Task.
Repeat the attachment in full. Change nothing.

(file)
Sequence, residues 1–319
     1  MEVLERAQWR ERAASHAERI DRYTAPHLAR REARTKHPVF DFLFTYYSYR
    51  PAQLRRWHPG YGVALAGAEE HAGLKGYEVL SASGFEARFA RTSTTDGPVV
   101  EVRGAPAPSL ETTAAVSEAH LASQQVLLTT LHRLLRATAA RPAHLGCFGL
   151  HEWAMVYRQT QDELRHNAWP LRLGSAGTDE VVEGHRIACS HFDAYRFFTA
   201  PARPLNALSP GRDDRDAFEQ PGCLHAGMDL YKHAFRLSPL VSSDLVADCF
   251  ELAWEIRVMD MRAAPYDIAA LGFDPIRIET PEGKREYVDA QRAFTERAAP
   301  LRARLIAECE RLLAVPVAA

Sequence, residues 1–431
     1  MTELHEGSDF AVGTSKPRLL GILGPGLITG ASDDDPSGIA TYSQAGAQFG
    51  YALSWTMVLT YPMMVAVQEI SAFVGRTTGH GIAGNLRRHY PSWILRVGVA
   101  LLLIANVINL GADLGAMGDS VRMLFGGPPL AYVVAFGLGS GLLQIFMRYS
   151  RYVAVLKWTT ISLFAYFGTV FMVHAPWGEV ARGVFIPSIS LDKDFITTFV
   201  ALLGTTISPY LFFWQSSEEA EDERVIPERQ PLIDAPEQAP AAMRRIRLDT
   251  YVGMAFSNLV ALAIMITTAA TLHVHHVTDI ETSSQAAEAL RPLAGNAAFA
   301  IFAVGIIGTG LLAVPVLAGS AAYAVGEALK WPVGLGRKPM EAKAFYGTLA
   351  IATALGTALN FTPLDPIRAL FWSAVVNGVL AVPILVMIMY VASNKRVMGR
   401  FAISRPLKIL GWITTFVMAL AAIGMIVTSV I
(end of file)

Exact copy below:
Sequence, residues 1–319
     1  MEVLERAQWR ERAASHAERI DRYTAPHLAR REARTKHPVF DFLFTYYSYR
    51  PAQLRRWHPG YGVALAGAEE HAGLKGYEVL SASGFEARFA RTSTTDGPVV
   101  EVRGAPAPSL ETTAAVSEAH LASQQVLLTT LHRLLRATAA RPAHLGCFGL
   151  HEWAMVYRQT QDELRHNAWP LRLGSAGTDE VVEGHRIACS HFDAYRFFTA
   201  PARPLNALSP GRDDRDAFEQ PGCLHAGMDL YKHAFRLSPL VSSDLVADCF
   251  ELAWEIRVMD MRAAPYDIAA LGFDPIRIET PEGKREYVDA QRAFTERAAP
   301  LRARLIAECE RLLAVPVAA

Sequence, residues 1–431
     1  MTELHEGSDF AVGTSKPRLL GILGPGLITG ASDDDPSGIA TYSQAGAQFG
    51  YALSWTMVLT YPMMVAVQEI SAFVGRTTGH GIAGNLRRHY PSWILRVGVA
   101  LLLIANVINL GADLGAMGDS VRMLFGGPPL AYVVAFGLGS GLLQIFMRYS
   151  RYVAVLKWTT ISLFAYFGTV FMVHAPWGEV ARGVFIPSIS LDKDFITTFV
   201  ALLGTTISPY LFFWQSSEEA EDERVIPERQ PLIDAPEQAP AAMRRIRLDT
   251  YVGMAFSNLV ALAIMITTAA TLHVHHVTDI ETSSQAAEAL RPLAGNAAFA
   301  IFAVGIIGTG LLAVPVLAGS AAYAVGEALK WPVGLGRKPM EAKAFYGTLA
   351  IATALGTALN FTPLDPIRAL FWSAVVNGVL AVPILVMIMY VASNKRVMGR
   401  FAISRPLKIL GWITTFVMAL AAIGMIVTSV I